Millholland et al. (2016) present the possible detection of a non-transiting hot-Jupiter in a planetary system consisting of two low-mass transiting planet candidates with longer orbital periods. The technique employed to detect this non-transiting hot-Jupiter is a novel one which combines optical phase curve analysis and astrometric transit timing variations (TTVs). Optical phase curve analysis involves measuring the reflected light from the hot-Jupiter as its dayside rotates in and out of view.
The non-transiting hot-Jupiter in this study was detected around a Sun-like star identified as KOI-1858. Orbiting KOI-1858 are two known transiting planet candidates - KOI-1858.01 and KOI-1858.02. KOI-1858.01 has ~3.53 times the radius of Earth and has a 116.3 day orbital period. KOI-1858.02 has ~2.06 times the radius of Earth and has a 86.0 day orbital period. Both the observed optical phase curve and astrometric TTVs are mutually consistent with the presence of a non-transiting hot-Jupiter with 1.5 ± 0.4 times the mass of Jupiter and a 2.991 day orbital period.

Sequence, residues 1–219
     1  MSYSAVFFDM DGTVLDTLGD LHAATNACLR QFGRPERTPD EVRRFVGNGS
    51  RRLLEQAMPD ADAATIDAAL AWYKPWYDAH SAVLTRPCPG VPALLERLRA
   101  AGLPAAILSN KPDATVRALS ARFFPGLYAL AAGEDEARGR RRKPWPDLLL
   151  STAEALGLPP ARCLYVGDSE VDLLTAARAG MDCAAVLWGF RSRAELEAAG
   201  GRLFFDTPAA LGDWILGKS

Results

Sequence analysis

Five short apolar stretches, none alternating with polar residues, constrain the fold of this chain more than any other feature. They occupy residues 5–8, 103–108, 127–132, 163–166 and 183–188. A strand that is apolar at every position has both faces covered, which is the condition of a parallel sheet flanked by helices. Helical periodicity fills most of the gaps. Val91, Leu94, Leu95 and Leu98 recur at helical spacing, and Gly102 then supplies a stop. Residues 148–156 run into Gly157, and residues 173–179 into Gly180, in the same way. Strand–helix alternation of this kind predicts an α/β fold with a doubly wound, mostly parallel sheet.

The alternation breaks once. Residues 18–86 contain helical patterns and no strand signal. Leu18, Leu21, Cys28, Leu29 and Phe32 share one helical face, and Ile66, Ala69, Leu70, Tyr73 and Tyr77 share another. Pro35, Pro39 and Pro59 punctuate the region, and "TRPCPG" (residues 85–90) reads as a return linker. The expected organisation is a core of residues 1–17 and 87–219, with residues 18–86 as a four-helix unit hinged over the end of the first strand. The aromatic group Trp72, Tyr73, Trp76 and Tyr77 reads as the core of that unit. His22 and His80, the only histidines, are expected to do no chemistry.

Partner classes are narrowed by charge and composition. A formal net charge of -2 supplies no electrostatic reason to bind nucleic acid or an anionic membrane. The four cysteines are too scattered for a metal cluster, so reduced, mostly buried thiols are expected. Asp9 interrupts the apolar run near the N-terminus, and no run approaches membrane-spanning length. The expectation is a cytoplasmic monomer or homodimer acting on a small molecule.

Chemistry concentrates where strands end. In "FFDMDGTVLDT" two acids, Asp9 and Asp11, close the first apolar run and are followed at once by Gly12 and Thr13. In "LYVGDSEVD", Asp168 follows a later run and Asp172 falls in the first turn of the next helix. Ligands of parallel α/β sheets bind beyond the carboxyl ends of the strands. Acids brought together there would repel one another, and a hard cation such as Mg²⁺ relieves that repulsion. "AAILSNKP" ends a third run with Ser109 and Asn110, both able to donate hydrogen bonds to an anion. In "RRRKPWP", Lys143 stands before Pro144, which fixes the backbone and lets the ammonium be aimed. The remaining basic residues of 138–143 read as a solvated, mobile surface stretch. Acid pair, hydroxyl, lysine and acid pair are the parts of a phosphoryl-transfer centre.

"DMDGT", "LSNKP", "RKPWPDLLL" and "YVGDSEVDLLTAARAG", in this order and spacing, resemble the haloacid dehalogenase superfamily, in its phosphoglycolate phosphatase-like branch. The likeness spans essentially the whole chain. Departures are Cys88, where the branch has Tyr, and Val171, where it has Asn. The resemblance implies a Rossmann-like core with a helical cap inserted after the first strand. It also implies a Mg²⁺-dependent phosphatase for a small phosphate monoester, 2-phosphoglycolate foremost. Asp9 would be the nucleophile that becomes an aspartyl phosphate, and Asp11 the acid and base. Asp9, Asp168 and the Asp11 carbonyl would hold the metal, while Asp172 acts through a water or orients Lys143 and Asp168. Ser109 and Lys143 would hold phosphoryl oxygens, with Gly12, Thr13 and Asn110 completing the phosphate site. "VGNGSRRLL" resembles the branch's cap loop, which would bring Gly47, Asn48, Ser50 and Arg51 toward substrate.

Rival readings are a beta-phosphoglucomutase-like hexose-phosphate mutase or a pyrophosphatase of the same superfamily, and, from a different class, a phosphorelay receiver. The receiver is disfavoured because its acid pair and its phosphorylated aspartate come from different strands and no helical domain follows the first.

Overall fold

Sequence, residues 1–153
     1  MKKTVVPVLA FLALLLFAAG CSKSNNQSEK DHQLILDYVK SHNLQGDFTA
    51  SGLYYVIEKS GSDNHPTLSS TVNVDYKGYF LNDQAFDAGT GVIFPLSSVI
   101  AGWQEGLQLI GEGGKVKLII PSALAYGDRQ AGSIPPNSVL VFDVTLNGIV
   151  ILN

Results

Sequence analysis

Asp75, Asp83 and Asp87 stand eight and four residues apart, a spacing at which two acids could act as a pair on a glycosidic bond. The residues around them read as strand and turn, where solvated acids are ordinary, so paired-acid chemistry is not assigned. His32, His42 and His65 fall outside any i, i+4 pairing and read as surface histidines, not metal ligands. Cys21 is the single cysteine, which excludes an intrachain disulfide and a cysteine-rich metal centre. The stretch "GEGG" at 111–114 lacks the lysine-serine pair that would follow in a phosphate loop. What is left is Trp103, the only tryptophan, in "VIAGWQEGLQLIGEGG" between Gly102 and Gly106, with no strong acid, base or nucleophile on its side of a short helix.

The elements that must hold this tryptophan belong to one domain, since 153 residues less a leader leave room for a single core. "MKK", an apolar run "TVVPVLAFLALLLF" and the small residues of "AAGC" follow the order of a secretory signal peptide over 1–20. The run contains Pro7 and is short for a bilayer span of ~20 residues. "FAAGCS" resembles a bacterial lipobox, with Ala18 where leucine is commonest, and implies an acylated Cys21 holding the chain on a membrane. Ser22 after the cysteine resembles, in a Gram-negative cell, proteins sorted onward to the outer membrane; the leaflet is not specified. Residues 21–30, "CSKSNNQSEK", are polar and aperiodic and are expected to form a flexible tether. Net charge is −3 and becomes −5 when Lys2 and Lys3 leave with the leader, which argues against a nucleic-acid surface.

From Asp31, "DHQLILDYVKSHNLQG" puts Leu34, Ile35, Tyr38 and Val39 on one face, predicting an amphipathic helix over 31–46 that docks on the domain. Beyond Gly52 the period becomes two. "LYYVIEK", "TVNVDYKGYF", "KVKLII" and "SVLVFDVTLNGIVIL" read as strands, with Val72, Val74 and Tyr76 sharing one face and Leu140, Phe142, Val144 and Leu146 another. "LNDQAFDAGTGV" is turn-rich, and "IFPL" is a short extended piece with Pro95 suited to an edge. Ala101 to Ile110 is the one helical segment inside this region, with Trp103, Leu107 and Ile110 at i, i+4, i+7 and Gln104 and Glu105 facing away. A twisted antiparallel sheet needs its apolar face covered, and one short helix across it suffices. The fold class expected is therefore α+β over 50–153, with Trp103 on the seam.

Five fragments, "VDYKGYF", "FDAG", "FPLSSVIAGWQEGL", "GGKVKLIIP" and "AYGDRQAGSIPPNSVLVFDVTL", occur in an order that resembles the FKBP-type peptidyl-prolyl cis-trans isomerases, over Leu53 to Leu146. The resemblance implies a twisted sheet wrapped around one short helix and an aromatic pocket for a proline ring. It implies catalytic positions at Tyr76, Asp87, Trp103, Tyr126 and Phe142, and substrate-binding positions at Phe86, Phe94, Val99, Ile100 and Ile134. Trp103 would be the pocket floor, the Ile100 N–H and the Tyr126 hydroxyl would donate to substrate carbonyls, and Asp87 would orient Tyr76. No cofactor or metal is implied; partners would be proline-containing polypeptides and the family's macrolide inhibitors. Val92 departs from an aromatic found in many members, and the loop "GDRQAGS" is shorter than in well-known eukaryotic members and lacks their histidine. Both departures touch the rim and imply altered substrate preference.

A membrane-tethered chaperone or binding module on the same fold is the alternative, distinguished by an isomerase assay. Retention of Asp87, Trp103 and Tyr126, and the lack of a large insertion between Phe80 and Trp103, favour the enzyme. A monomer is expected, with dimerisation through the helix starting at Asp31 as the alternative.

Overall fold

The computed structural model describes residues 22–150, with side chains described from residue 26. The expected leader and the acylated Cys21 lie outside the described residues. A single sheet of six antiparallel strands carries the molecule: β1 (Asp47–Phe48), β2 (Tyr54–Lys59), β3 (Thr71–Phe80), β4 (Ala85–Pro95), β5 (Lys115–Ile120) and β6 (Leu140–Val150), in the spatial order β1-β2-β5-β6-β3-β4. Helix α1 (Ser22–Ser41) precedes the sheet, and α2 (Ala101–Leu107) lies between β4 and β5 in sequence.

Millholland et al. (2016), "On the Detection of Non-Transiting Hot Jupiters in Multiple-Planet Systems", arXiv:1602.05674 [astro-ph.EP]